Kaiju Hip Hop Jazz Project on experimenting and collaborating for Mapping Melbourne

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Kaiju Hip Hop Jazz Project on experimenting and collaborating for Mapping Melbourne


The Kaiju Hip Hop Jazz Project celebrates the innovative and ever-fluid nature of both genres, while presenting a unique and electrifying collaborative project in one of Melbourne’s best music venues.


“I grew up where hip hop was the extension of jazz. It took the attitude of jazz and the improvisation; it was also the most cutting-edge area of black music, which is what jazz was. For me, they’re not just part of the same family tree – they are brother and sister. There is such a close connection there.”

Joel Ma, Music Program Officer for Multicultural Arts Victoria, anticipates some of the best Asian art on display here in Melbourne, as the Mapping Melbourne festival series amps up for a stellar start this December. A highlight event of the festival is the Kaiju Hip Hop Jazz Project, an exclusive insight into the collaborative efforts of celebrated jazz pianist Aaron Choulai and renowned Japanese hip hop MC, Koichiro “Kojoe” Sakata.

With two shows lined up for Melbourne crowds, The Kaiju Hip Hop Jazz Project will have Choulai and Kojoe working with a stellar band of Melbourne jazz musicians on material that celebrates the explorative and experimental styles of both genres.

 “For a lot of the jazz players who are really good musicians, they understand the feel and the phrasing in a way that can also come from listening to a lot of hip hop, when the ‘Dilla’ aesthetic, if you will, has entered into the lexicon,” Ma says. “People are like, ‘We don’t care if you can play a thousand notes a second, it’s about how you make it sit on the beat and how you make a groove.’ The band is brilliant and I think it will be an exciting mix.”

Bringing both Choulai and Kojoe together for Mapping Melbourne was an easy decision for Ma and the Multicultural Arts Victoria team to settle on.

I’ve been really good friends with Aaron Choulai for a long time and he’s been living in Tokyo, working in the jazz and hip hop scene. It made sense to bring him out to work on showcasing the hip hop stuff he’s been doing with Japanese rappers. Kojoe is a legend MC and he just put out a record; he’s a big deal in the States and in Japan. It’s a no-brainer.”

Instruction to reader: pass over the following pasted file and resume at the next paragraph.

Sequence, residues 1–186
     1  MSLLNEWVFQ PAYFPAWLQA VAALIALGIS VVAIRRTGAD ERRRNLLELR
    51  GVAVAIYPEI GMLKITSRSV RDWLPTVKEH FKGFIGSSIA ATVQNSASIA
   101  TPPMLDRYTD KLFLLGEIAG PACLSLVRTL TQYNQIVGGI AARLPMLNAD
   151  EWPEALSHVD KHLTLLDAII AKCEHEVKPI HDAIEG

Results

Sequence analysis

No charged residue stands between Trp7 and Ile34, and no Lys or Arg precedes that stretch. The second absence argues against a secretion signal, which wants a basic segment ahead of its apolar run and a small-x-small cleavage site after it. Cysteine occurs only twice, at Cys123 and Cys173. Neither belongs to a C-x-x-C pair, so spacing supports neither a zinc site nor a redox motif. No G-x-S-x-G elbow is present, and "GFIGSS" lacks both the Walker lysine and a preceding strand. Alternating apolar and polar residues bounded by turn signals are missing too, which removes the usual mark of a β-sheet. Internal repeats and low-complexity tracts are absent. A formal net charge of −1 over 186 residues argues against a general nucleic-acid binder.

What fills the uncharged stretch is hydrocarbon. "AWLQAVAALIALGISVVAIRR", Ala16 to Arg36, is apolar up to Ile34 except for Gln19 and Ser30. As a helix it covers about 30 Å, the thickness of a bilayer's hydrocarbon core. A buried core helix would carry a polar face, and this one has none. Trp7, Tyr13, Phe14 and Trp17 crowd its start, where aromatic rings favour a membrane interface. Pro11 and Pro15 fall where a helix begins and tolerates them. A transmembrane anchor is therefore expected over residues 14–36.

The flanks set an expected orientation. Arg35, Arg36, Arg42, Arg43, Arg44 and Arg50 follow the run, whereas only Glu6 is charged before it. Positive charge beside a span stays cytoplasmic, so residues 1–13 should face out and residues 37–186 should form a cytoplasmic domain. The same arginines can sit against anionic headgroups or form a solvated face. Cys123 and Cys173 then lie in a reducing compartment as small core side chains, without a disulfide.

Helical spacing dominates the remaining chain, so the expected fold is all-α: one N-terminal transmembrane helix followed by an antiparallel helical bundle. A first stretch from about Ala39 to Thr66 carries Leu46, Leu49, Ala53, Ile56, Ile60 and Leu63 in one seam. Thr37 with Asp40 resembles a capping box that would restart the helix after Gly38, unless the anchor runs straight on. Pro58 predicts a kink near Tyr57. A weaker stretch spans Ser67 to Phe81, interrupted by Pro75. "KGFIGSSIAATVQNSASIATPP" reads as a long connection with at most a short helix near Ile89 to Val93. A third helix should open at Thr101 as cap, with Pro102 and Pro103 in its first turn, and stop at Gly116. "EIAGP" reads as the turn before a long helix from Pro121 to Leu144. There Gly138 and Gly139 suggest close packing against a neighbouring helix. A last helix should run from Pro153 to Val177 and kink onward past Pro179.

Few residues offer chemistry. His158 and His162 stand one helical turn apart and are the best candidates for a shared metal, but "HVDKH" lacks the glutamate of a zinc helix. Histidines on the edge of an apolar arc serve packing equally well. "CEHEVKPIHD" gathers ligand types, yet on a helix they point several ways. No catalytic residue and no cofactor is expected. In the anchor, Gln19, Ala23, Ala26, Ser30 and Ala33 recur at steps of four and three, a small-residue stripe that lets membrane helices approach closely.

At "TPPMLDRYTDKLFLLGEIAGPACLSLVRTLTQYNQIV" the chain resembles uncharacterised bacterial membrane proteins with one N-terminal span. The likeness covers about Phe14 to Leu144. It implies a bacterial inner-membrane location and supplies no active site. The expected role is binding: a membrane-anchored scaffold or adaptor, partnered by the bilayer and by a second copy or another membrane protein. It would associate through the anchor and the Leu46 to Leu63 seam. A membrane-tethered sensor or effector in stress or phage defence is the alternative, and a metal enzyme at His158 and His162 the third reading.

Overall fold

Choulai shares Ma’s enthusiasm when it comes to exploring music in this particular format as part of Mapping Melbourne.

“The artistic community here is so talented and everyone is doing this amazing stuff; to be part of the festival in this way, to be on the same bill as all of these dudes who are doing super creative things is an honour. To be able to connect with a local Japanese community of musicians in Melbourne, as well as some jazz guys out here who I have been playing with for a while, to connect that with what I’ve been doing in Tokyo is an opportunity that doesn’t come around often.”

Ma notes the significance of having such bright music brains working together as the Kaiju Hip Hop Jazz Project has proven to display. Shows like this break cultural, as well as musical, boundaries.

“In Japan, there is a deep respect for jazz music. A lot of old classic jazz only got issued in Japan, so there’s an incredible record market over there and also the greats have been touring Japan since the ‘50s. There’s an amazing Japanese jazz scene too. I felt like there was an approach to hip hop in the same way; there’s a reverence for the history and the form and the studying of what makes that style what it is, as well as an ownership.

“Rap and hip hop still tends to be dominated by an American persona or image,” he says. “There’s so much hip hop from around the world that is embracing its culture; finding a voice that doesn’t just perpetuate that cookie cutter American hip hop idea. I think a great way to do that is by fusing language. If language is your instrument, why would you not use all of the languages of the world at some point?”